I once wrote a letter about "TEMPTATION" which I find about giving it a go? (note the really screwed up true story in the letter).

Sin is good...

Let me start with a story before I get to the subject. Do you know evangelist Billy Graham? Well, I am sure you do. This story is about him. One day, Mr and Mrs Graham were in church and it was offering time. As the collection plate was passed down, Mr Graham threw in a twenty dollar bill by mistake. He then reached out to retrieve it but Mrs Graham briskly slapped his hand. "I meant to throw in ten instead of twenty," Mr Graham chimed in. "Well," said Mrs Graham assuredly. "In God's eyes, it's ten."

Metaphorically, one can learn something from this tale. For me, its about self-righteousness (and it has nothing to do with Billy Graham, of course).

Ever wonder how many Christians have misunderstood this scripture, "Be holy as I am holy"? There are in fact people who took the scripture literally. They are the ones who subscribe to the "entire sanctification" doctrine.

In the extreme, this doctrine, also known as the Holiness Movement, teaches it's followers that they can attain perfection on this side of heaven. That is, at some point in their life, they can defiantly announce to the world that they are holy and perfect as God is! Have you ever wonder how a holy and sinless person looks like? Or acts like? What are his thoughts?

Imagine a church where not one member considers himself blemished by sin. Imagine that you, a sinful Christian, is about to enter a church of the spotless lamb, where everybody are blameless and sinless. If such a church really do exist, and you are allowed entry (most probably in the sinners' section), don't you think you would feel completely out of place? My god, you'd be the only one without the "halo"! (Not to mention the oppressive guilt you would be feeling).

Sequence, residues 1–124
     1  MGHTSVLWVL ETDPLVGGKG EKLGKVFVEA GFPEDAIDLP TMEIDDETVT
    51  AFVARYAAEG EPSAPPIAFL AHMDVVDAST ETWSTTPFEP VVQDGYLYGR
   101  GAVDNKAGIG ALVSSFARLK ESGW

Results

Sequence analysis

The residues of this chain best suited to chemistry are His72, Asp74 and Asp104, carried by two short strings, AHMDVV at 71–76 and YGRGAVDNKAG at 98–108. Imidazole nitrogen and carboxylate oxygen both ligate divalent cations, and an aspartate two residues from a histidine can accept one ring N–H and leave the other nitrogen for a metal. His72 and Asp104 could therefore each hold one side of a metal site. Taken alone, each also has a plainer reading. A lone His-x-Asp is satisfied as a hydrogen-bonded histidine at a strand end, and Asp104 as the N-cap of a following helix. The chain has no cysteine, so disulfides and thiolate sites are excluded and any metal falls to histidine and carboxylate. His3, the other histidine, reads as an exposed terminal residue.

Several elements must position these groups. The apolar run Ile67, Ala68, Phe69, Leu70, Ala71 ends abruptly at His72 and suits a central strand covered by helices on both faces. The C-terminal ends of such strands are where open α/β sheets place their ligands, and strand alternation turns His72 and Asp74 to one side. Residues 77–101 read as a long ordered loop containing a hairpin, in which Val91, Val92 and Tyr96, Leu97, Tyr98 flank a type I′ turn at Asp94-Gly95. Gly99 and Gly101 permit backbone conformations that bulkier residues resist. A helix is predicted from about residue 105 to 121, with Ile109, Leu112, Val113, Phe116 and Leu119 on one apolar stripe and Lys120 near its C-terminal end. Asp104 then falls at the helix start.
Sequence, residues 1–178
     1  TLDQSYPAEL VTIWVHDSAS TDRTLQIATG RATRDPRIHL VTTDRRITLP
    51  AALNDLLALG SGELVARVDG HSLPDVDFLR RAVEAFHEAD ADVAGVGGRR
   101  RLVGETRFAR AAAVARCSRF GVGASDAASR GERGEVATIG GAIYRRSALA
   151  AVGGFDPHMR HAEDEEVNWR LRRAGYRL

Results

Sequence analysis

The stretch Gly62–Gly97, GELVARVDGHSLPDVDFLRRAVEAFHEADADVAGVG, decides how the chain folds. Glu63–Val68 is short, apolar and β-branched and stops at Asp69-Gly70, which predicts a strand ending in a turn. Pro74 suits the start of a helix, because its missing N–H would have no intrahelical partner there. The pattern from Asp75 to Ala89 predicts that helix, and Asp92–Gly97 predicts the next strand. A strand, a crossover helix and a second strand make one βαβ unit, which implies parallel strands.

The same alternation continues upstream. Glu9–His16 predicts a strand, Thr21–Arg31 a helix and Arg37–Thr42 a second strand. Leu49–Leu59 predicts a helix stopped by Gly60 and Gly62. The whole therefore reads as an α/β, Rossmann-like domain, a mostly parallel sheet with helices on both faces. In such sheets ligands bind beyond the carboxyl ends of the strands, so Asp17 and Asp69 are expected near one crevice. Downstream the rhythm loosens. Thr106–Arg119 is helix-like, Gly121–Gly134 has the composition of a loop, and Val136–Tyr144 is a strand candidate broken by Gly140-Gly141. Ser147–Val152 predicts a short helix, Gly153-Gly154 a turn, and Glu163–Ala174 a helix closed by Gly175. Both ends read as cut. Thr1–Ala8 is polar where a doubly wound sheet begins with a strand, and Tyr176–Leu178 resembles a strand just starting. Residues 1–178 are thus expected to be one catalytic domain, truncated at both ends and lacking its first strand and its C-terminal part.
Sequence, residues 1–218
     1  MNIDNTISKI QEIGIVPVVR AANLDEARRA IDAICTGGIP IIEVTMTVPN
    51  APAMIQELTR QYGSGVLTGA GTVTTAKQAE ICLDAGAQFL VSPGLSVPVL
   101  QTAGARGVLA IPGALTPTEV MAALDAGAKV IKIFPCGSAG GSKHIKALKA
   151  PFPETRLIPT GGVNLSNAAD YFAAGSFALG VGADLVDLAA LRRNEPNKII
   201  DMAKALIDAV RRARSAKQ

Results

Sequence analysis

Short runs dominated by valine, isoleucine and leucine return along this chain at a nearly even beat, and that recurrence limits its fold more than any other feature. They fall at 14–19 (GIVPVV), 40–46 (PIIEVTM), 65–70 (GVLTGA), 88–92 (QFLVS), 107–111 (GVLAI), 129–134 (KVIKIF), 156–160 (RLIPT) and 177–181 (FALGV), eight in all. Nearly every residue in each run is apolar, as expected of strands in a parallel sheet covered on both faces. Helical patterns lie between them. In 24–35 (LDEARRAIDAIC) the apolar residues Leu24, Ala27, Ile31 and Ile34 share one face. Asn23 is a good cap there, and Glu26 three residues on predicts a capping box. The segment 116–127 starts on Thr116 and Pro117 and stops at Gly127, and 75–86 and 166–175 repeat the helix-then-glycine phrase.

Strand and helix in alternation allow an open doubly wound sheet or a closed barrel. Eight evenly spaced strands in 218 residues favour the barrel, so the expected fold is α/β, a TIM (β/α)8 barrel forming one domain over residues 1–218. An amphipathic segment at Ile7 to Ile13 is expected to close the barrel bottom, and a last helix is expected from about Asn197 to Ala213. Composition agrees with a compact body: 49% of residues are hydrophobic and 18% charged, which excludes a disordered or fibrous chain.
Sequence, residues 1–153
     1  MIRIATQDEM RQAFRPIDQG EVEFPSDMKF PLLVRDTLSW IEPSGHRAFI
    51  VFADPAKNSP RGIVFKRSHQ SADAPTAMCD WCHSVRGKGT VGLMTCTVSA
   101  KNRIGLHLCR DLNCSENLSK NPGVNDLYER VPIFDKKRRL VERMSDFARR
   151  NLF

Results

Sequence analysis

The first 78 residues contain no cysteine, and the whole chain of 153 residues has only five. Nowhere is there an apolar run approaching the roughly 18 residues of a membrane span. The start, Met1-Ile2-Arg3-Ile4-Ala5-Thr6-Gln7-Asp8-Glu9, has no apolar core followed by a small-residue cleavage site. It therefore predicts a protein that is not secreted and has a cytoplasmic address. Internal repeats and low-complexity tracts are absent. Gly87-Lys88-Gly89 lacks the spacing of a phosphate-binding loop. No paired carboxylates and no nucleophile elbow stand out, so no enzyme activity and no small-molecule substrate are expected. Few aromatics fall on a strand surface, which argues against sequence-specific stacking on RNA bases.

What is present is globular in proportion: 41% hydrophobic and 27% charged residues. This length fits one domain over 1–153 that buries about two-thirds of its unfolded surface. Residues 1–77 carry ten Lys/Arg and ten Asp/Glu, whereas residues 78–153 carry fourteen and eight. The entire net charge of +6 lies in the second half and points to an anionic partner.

As an aside, I think they should just legislate a law to exclude these holy-joneses and holy-janes from society  in case they "adulterate" us. Now, levity aside, let's come down to our level: the sinful reality. And I am going for the shock factor just for effect, so pardon me.

The shock is in this quote, "The prerequisite for a good marriage, it seems to me, is the license to be unfaithful." Shocking?  Any truth in that quote? Not the license part of course, but the truth that we fall short on our thoughts sometimes. Before you dismiss it, let's take off the mask and quietly answer this question: In our own unguarded moment, when we are up to our ears with disappointments, jaded by life's trials, which seems unrelentingly stoic, aren't we even a tad guilty of that minor transgression of strayed thoughts?

I mean, who amongst us is completely pure in thoughts every second of everyday? Are there any sins amongst us that are so private and guarded that we self-righteously refuse to admit its existence? - which reminds me of the Descartes' twist: "I think, therefore I deny." I know that it has been preached ad infinitum over the pulpit that "you can't prevent birds from flying over you; but you can sure prevent them from building a nest on your head." That's all swell in theory. But what's truly the reality here?